Aitmatov's works reflect a detailed knowledge of his culture and a deep respect for tribal traditions. These traditions include those of the akin musicians, Buzkashi, and the tradition of the hunters of Kyrgyzstan. These traditions play pivotal roles in communicating Aitmatov's message of love and dedication, on the one hand, and loss of dignity and humanity, on the other. By juxtaposing these traditions with modern realities of the 20th century, he intimates that mankind's socio-political, economic, and ideological, even environmental, problems would disappear if education could be advanced beyond rote memorization, and if a true communal concern, a true love, could meld humanity with nature. Aitmatov's dialectics of love view man for what he is rather than for what he seems to be. Jamila's memorable character, Daniyar, epitomizes Aitmatov's ideal of the unassuming yet deliberate and effectual man. In Farewell, Gyulsary!, Tanabai Bakasov reveals the darker side of the spectrum, wherein an individual is systematically deprived of reaching his potential in life.
Before looking at a couple of episodes in Jamila and Farewell, Gyulsary!, let us summarize Aitmatov's artistic endeavour as a product of realism. Simplicity and precision, comprehensibility, historical accuracy, and sensitivity to demands of the times distinguish his work and, as shown further below, he does not impose his own opinion.
In Jamila, a coming of age story, the young narrator is not sure where he should place his loyalty and love. Should he place it in Jamila, his brother's young bride, or in art? As the story develops and he learns more about people and art, he decides to become a painter. Years later, viewing his own painting of the village, he recalls the cultural conflicts between the Muslims and the Communists; the traditional struggle within, and across the sexes for domination; the tragedy of the Second World War, and the all-encompassing power of love. He realizes how love made the barriers within him crumble, allowing Jamila and Daniyar to shine in their own light. He saw all that in a simple painting that depicted two sets of diminishing footprints walking out of the picture frame. Jamila and the play, The Ascent of Mount Fuji (1975), which examines the raw sentiments of a group, one of whom might have caused the incarceration of an absent friend in a concentration camp, were rare Communist works when first released.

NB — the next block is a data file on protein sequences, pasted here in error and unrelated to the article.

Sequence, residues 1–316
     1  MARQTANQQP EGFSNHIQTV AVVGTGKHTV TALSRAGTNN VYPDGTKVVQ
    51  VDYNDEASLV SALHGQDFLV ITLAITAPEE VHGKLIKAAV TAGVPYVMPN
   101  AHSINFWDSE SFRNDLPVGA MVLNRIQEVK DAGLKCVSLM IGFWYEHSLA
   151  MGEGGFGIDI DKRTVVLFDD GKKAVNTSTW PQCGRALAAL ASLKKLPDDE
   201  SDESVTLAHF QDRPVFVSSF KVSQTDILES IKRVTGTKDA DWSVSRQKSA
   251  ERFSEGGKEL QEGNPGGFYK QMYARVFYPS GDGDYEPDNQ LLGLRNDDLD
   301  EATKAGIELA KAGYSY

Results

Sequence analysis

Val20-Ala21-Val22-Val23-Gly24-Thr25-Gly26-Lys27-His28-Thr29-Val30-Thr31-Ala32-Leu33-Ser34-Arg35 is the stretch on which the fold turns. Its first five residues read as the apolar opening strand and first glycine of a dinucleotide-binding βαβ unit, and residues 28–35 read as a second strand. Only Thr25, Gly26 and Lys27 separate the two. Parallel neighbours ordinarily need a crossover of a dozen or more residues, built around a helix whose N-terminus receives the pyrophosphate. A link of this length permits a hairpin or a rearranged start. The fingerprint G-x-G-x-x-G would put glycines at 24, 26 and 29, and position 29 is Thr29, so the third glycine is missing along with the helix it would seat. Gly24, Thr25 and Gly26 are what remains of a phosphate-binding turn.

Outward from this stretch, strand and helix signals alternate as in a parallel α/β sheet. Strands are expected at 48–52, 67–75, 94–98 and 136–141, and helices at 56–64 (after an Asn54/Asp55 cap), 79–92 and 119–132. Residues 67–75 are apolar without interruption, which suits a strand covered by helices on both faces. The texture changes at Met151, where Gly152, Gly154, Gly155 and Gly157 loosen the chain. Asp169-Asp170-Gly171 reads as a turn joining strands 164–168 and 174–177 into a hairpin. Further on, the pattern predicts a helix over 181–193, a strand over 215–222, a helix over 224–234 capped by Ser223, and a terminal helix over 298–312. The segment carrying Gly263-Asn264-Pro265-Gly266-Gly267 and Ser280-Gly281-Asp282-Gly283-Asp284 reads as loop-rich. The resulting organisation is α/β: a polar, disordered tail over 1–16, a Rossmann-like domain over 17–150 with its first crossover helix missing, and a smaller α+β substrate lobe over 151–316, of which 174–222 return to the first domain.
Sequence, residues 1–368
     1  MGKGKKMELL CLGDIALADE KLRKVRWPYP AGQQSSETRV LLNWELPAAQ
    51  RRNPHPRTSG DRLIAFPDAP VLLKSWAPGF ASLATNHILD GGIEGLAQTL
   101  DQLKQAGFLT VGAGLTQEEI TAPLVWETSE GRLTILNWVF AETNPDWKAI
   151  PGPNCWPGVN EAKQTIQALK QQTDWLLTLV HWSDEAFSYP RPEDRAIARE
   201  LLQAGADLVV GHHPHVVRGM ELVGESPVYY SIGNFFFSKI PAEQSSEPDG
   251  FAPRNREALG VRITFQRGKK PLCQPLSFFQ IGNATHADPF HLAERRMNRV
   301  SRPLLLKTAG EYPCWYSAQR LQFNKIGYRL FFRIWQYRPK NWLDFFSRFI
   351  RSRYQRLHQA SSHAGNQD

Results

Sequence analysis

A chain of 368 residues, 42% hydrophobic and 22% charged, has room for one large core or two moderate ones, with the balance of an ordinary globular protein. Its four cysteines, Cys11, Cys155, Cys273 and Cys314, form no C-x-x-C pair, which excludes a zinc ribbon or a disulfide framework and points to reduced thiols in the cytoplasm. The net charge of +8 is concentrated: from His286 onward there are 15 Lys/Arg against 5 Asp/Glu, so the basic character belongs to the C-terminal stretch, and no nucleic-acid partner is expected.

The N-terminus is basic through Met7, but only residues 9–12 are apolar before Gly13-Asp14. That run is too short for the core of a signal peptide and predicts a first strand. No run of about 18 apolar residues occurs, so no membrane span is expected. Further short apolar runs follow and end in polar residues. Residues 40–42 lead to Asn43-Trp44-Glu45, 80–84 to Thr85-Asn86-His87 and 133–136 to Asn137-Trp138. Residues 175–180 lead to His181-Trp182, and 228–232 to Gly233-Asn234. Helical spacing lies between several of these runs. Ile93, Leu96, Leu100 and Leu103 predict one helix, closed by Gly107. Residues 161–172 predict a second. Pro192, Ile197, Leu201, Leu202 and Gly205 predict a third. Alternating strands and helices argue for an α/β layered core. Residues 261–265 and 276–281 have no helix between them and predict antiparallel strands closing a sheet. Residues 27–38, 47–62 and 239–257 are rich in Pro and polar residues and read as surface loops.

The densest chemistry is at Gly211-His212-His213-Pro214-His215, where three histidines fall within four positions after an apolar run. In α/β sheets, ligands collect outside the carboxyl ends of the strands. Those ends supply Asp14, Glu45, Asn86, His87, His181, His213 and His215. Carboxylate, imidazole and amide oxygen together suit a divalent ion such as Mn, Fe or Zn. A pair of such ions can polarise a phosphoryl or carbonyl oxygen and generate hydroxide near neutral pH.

In Farewell, Gyulsary!, he uses the tradition of Buzkashi to illustrate the grab for power at the lower levels of the Soviet hierarchy. Tanabai Bakasov, whose sense of justice had sent his own brother to Siberia as a kulak, is tried in a kangaroo court for having the audacity to defend himself against a Party official. The court proceedings read like a page describing the movements of the riders in a Buzkashi game in which Tanabai is the headless goat.

Finally, Aitmatov's stories are well balanced. In Farewell, Gyulsary!, for instance, through the characters of Tanabai and Choro Sayakov, he shows that the deterioration of the Soviet system happened gradually. Tanabai, who was convicted of a crime he had not committed, and who, after conviction did not understand why he should surrender his Party card, blamed the Party organizer, Choro, for his misfortune. He thought that Choro had abandoned him at the trial. Whereas, throughout their long friendship, Choro had been advising Tanabai to update his views of the Party and learn about the changes that made it increasingly untenable.